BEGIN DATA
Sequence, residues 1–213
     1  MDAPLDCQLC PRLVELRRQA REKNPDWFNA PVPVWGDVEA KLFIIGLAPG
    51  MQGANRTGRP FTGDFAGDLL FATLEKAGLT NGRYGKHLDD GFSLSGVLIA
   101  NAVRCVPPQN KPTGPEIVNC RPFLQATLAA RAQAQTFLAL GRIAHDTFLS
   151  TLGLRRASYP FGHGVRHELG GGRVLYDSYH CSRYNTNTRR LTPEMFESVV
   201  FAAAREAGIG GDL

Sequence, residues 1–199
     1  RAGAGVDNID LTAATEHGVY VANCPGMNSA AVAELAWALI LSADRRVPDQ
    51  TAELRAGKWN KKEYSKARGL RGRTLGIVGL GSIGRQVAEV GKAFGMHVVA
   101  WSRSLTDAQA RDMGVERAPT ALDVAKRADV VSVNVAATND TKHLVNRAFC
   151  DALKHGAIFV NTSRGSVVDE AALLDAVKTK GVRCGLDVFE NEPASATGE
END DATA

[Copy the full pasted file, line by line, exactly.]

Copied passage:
Sequence, residues 1–213
     1  MDAPLDCQLC PRLVELRRQA REKNPDWFNA PVPVWGDVEA KLFIIGLAPG
    51  MQGANRTGRP FTGDFAGDLL FATLEKAGLT NGRYGKHLDD GFSLSGVLIA
   101  NAVRCVPPQN KPTGPEIVNC RPFLQATLAA RAQAQTFLAL GRIAHDTFLS
   151  TLGLRRASYP FGHGVRHELG GGRVLYDSYH CSRYNTNTRR LTPEMFESVV
   201  FAAAREAGIG GDL

Sequence, residues 1–199
     1  RAGAGVDNID LTAATEHGVY VANCPGMNSA AVAELAWALI LSADRRVPDQ
    51  TAELRAGKWN KKEYSKARGL RGRTLGIVGL GSIGRQVAEV GKAFGMHVVA
   101  WSRSLTDAQA RDMGVERAPT ALDVAKRADV VSVNVAATND TKHLVNRAFC
   151  DALKHGAIFV NTSRGSVVDE AALLDAVKTK GVRCGLDVFE NEPASATGE